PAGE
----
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Publication numberUS3187042 A
Publication typeGrant
Publication dateJun 1, 1965
Filing dateJan 4, 1962
Priority dateJan 4, 1962
Publication numberUS 3187042 A, US 3187042A, US-A-3187042, US3187042 A, US3187042A
InventorsSidney B Richter
Original AssigneeVelsicol Chemical Corp
Export CitationBiBTeX, EndNote, RefMan
External Links: USPTO, USPTO Assignment, Espacenet
N-alkoxy benzamides
US 3187042 A
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Description  (OCR text may contain errors)

United States Patent 3 187342 N-ALKGXY BENZAMEDES Sidney B. Richter, (Ihicago, 111., assignor to Velsicol Chemical Corporation, Chicago, 1th, a corporation of Illinois No Drawing. Filed Jan. 4, 1962, Ser. No. 164,465 17 Qlaims. (Q2. 277-11) This invention relates to new compositions of matter. In particular this invention relates to new herbicidally active compositions.

A long established problem is the uncontrolled growth of plants. In some instances, this growth takes place in open .areas in which there is no desired vegetation. Thus for example, vacant lots and railroad right-of-ways generally contain such growth. In combatting these weeds it is necessary to use a product having broad herbicidal properties without regard as to its effect on surrounding plant growth.

In other instances of perhaps greater economic importance is the growth of undesired plants in areas wherein desired plants similarly grow. In this case the presence of the weeds causes great injury since it prevents the normal growth of the planted item and decreases the productivity of the land. Here it is necessary to use herbicidally active products which will not injure the economic plants but will control and destroy the weeds. It is extremely difficult if not impossible to devise a single material for all purposes since the type of plants which are weeds on one instance can in another usage be a desired crop. Accordingly there is a never ending need for new herbicides especia ly those which are selective in that they will only adversely affect the growth of the weeds.

Unexpectedly it has been found that the compositions of the present invention possess superior herbicidal activity. The compositions of the present invention have the following chemical formula wherein X is selected from the group consisting of lower alkyl, hydrogen, halogen, lower allroxy and nitro, provided that a maximum of 2 of the X are hydrogen, a maximum of one X is lower alkoxy and a maximum of one X is nitro.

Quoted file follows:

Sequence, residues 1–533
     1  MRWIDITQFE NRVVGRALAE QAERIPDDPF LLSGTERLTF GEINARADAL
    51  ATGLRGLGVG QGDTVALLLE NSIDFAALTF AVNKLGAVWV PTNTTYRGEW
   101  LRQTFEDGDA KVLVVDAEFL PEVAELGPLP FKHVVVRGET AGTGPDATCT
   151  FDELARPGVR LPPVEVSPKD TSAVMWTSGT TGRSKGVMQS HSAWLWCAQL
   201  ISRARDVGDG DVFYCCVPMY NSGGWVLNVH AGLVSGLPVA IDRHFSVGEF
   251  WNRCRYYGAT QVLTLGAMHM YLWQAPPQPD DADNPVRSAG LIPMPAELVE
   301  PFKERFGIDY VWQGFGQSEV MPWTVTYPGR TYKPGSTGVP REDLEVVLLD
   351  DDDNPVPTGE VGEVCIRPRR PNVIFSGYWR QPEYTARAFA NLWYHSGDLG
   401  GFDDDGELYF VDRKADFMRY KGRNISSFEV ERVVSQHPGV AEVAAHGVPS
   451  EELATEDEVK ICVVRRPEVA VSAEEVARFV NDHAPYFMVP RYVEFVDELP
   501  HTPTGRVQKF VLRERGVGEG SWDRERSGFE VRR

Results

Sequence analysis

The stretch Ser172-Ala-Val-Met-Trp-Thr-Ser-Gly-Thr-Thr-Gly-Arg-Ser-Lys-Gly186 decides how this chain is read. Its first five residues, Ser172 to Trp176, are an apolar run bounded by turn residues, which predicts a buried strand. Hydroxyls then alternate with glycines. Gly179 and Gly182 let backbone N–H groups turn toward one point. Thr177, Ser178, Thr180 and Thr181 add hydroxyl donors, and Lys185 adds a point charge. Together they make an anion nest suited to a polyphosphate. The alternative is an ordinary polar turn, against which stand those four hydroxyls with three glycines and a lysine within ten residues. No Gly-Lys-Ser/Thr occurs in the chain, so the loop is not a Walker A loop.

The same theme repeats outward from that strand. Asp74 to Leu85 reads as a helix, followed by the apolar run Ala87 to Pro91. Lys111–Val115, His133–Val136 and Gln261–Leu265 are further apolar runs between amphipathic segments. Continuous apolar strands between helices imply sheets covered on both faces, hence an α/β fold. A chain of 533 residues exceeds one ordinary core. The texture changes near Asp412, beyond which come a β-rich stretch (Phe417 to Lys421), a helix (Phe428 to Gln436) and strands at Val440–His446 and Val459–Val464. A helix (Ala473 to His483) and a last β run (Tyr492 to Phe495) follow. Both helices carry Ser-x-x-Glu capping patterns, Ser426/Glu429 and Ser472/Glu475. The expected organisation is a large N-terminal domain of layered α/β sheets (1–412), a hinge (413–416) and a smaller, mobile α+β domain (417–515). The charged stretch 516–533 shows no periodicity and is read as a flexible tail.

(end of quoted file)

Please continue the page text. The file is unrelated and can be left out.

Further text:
R is selected from the group consisting of sulfur and oxygen.

Y is an unsubstituted hydrocarbon radical containing from 1 to 4 carbon atoms.

Z is selected from the group consisting of hydrogen and unsubstituted hydrocarbon radicals containing from 1 to 4- carbon atoms.

As can be seen from the foregoing structural representations, these compositions have unique configurations containing as critical portions a specifically substituted phenyl nucleus and a specifically substituted amide group.

While the method of preparing the present compounds is not critical to the present invention which is directed to the compositions and their use as herbicides, the present compounds can be obtained by reacting a suitable substituted benzoyl chloride and an appropriately substituted amine.

The amine reactant necessary for this reaction is substituted in accordance with the desired R, Y and Z subst-ituents of the final product since the substituents are not altered by the reaction with the phenyl acid chloride. Thus its formula in NH(RY)Z. Suitable amines can be ice prepared, for example, by the reduction of the corresponding oximes as described by Jones and Major, J. Am. Chem. Soc., vol. 52, pp. 669-79 (1930). Amines of the type HN (Z) (SY) have been disclosed in United States Patent 2,877,749, granted March 17, 1959, and can be prepared, for example, by treating a 'sulfenyl halide with an equimolar amount of an amine in the presence of an equimolar amount of aqueous NaOH as shown in United States Patent 2,520,400, granted August 29, 1950.

The substituted amine can be used conveniently in the form of one of its acid salts, such as the hydrochloride or sulfate, which will often be soluble in water. The free amine can be released in the reaction by the addition of a mild base, such as sodium carbonate, potassium carbonate, or the like.

Similarly the required acid chloride reactant has the formula wherein the X substituents are identical to the X substituents of the final product. Thus in order to obtain a particular compound of the present invention a selection must be made of the specific amine and acid chloride reactants containing the required R, X, Y and Z substituents. This reaction can be performed at various temperatures, preferably at reflux temperature. Inert solvent can be used to facilitate this reaction. Such solvents as the lower paraflins are acceptable and other solvents provided they are inert, such as benzene, are satisfactory. Similarly the process can be performed at atmospheric pressure, although pressures below or above are useful.